The question of interest shouldn’t be “what would Keynes do” but rather “why even listen to someone so pompous and nihilistic to begin with?
While Keynesianism appears to have a benevolent, humanistic intent it is greatly disappointing that so many of its advocates do not also recognize its destructive aspects.
In macroeconomics today, there is a fatal disregard for the heroes of the economy: the entrepreneur, the risk-taker, the one who innovates and creates the things we want to buy.
What’s Wrong with Keynes
Lengthy and worthwhile read on the mythical Keynesian ‘multiplier’, why ‘stimulus’ didn’t - and doesn’t - work, and the key relationship between consumer confidence and the economy.
HT @abnormalreturns for the link
For many people, economists and non-economists, nothing could be more intuitive than the idea that giving people money stimulates the economy. I think they have two fundamental ideas in mind, two ideas that are somewhat related. The first is the multiplier. If the government gives A one dollar to spend, A spends it on something B produces, encouraging B to hire more workers. But it doesn’t end there. Now B has money now who spends it on C and so on. Because people save part of what they spend, A’s spending is less than a dollar, say .9. Then B spends .81 cents (.9 x .9) and so on. If you do the math (and if everyone spends 90% of what they earn) then this infinite series leads to a total amount of spending equal to $10.
This metaphor of the car that needs a jump start or the ship that needs a push because it’s hit a patch of water that’s windless, has a certain compelling feel to it. But it really has no intellectual content. It’s an ex-post story to make you feel good about spending money. There’s no there there. So when a Keynesian is confronted with the fact that about $800 billion dollars of spending was promised in February of 2009 (and more than half of it has been spent) but unemployment has barely budged, well that just proves how bad the economy was in February of 2009.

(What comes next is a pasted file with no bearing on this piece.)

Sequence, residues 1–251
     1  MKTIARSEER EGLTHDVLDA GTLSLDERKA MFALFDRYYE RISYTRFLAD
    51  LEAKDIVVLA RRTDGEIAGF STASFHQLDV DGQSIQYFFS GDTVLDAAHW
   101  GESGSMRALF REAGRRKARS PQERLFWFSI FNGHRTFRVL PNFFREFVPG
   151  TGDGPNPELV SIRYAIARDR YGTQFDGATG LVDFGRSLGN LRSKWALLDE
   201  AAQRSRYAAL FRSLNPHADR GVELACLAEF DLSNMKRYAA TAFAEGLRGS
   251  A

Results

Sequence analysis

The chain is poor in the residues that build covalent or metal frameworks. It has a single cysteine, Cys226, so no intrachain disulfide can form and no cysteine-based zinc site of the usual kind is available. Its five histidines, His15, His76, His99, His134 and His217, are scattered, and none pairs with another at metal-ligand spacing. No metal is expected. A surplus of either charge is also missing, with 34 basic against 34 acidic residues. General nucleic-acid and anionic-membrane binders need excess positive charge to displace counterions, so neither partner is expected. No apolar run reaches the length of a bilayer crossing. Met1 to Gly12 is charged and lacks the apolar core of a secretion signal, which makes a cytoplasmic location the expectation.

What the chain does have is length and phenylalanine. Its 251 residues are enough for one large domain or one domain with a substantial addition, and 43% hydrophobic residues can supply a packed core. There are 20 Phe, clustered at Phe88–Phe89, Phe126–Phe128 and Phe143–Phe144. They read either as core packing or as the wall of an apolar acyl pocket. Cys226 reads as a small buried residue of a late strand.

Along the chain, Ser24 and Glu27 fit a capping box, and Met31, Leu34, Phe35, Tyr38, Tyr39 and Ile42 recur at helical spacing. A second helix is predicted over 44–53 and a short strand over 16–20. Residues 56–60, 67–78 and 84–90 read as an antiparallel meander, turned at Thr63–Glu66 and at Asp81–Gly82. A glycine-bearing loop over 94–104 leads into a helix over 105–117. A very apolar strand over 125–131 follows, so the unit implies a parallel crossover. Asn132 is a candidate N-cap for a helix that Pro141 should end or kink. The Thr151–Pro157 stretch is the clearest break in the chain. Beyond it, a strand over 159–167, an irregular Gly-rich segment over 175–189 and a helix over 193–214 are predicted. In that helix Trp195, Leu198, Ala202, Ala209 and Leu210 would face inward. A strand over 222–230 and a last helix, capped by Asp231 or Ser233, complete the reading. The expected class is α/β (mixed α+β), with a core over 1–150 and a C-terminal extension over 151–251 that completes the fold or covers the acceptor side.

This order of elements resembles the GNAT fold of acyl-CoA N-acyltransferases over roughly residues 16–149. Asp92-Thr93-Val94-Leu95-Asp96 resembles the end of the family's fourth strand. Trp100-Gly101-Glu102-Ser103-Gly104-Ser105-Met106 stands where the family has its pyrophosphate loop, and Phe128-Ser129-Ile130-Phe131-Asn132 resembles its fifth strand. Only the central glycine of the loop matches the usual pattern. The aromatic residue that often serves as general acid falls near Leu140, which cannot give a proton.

The whole circular flow idea that underpins the Keynesian story is bizarre. It’s a veil that disguises what’s really going on–the trades and exchanges I’m able to make as a worker and consumer. The car analogy is flawed. What keeps the economy going is our mutual creativity and cooperation, not our spending. The spending is just a result of our underlying productivity and desires to consume out of what we produce. Part of the circular flow story is correct–there are a set of forces that keep the whole thing going on its own–but those forces are my skills and productivity and your skills and productivity and how they all fit together–what Arnold Kling has been calling PSST, patterns of sustainable specialization and trade. I would remove the word “sustainable” and stick with PST. The word “sustainable” suggests a transience or fragility that may or may not be important. Suffice it to say for now that in good times, the patterns of specialization and trade are changing constantly, as demand for products changes, as new entrants to the labor force bring different skills to the market, as tastes change and so on.
Read more at cafehayek.com
So the fundamental stimulus question is this: does government borrowing a lot of money and spending it on tax rebates and grants to the states and some infrastructure (not much) and some other things, does that make people less confident or more confident about the future. Who knows? There’s no easy way to measure confidence, especially among the people who are relevant, those who are considering hiring new workers. But it is plausible that running up much bigger deficits reduces confidence and increases anxiety. It is plausible that the whole Keynesian circular flow story breaks down or at least works less effectively when people are anxious about the future.